•    “AA” stands for “author alteration.” This means that the customer has made a change to the job after the printer started to work on it. This will cost you money. To save money, try to make ALL your changes while your job is still with the designer. It is much easier and less costly.
    •    The size of the piece affects printing, mailing and postage costs.  A small piece may affect mailing insertion costs, while a large piece may lose postal discounts.  Compare sizes when you ask for estimates and decide where you get the most savings.
    •    The visual impact of annual reports, invitations, folders, letterhead and business cards is dramatically increased with special printing techniques such as the use of foil, die-cutting and embossing.


Details to Consider When Requesting a Print Bid.           
   
    •    Number of pages
    •    Dimensions
    •    Quantity
    •    Paper (or cover) stock
    •    Type of binding (if applicable)
    •    Number of colors in text, number of colors on cover
    •    Number of photos––either black and white or color
    •    Any special requirements   


CHAPTER 3


Tips on Lists and Marketing
Getting The Most For your Money
           

You need to make sure that you maximize the benefit from your mailing list and that your message is received in order to ensure the maximum response. Your most important mailing list is your existing customers.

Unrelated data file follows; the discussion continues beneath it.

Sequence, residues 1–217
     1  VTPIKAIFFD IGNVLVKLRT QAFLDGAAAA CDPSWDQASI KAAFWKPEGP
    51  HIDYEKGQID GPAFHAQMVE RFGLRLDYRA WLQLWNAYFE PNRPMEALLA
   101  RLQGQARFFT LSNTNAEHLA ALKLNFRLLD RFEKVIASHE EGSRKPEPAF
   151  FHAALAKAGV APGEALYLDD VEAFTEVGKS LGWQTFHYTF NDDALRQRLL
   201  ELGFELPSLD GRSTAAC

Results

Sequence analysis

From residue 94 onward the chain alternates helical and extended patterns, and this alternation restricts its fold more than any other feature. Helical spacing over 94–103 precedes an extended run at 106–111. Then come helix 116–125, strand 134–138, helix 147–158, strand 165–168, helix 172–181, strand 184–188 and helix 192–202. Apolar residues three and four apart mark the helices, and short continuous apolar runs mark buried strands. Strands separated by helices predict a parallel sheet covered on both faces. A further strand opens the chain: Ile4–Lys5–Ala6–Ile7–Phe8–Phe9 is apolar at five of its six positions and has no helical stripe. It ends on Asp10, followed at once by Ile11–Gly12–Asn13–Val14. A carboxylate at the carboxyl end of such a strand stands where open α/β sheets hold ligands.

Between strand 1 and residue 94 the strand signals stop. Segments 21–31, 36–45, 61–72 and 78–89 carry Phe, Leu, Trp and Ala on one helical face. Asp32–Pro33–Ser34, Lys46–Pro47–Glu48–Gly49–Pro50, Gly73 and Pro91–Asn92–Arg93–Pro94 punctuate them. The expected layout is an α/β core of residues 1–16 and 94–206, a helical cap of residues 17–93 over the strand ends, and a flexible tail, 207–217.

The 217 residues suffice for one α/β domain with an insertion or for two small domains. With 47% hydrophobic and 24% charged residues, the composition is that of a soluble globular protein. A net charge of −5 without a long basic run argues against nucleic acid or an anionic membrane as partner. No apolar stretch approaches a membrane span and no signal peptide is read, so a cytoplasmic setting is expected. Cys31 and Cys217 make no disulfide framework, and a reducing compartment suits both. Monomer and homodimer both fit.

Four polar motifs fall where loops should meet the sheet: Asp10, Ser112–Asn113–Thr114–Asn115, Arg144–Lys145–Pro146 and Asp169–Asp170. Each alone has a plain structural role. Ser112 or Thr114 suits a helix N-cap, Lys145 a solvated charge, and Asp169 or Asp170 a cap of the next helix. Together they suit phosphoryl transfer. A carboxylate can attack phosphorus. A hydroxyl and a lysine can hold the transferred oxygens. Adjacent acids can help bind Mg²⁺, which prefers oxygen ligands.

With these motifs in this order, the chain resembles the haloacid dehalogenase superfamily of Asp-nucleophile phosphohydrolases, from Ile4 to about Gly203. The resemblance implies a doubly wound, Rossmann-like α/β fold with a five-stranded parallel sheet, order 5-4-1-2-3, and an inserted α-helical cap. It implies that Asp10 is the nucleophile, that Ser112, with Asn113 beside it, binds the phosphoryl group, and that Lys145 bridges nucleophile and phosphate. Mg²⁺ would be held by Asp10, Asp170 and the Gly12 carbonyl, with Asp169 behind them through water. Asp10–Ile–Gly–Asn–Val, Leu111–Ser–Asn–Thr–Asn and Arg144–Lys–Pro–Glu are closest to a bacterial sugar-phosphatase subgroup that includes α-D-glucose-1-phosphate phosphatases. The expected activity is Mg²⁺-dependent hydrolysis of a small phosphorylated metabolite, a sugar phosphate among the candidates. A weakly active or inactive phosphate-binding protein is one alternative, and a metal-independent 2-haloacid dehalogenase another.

By keeping your current customers informed, you reinforce customer loyalty and stimulate repeat business. Have a sign-up sheet or book for customers to sign to increase your mailing list. Record names and addresses every time you make a sale or receive a phone call. Be sure to add phone, fax and e-mail so you can vary your messages and use the medium appropriate to the communication. If you have a last-minute offer, e-mail may be your best form of communication. Don’t forget the old adage that:

“80% of your business comes from 20% of your customers.” 

You can also say that 80% of your business comes from your existing customers––so treat them with care! If you have not already done so, start compiling your own customer list TODAY.

    •    Use tailored, rented lists to find your prospective customers. After all, Direct Mail can reach those with whom you might otherwise never have a chance to talk with about your service or product.
    •    Consider mailing more often in smaller numbers. If you have a mailer with a suitable offer, you might consider mailing smaller and more frequent campaigns––this will increase response and spread potential risks (or benefits!) over a longer period of time.
    •    Expand your e-mail or online prospecting efforts, especially if you are a merchandiser with an effective online presence.
    •    House mailings can be pre-announced with an e-mail message to let customers know that your mailing is on the way.
    •    Show off your brand and your name. Do not use mystery in the vain hope that your prospects will open your mailing. Let your prospects know right away that your promotion is from a company they can trust by placing your company name and return address on the outer envelope. Otherwise, it seems sneaky. Brand logos (if you have one) are especially good as they belong to you and are not easily copied by others.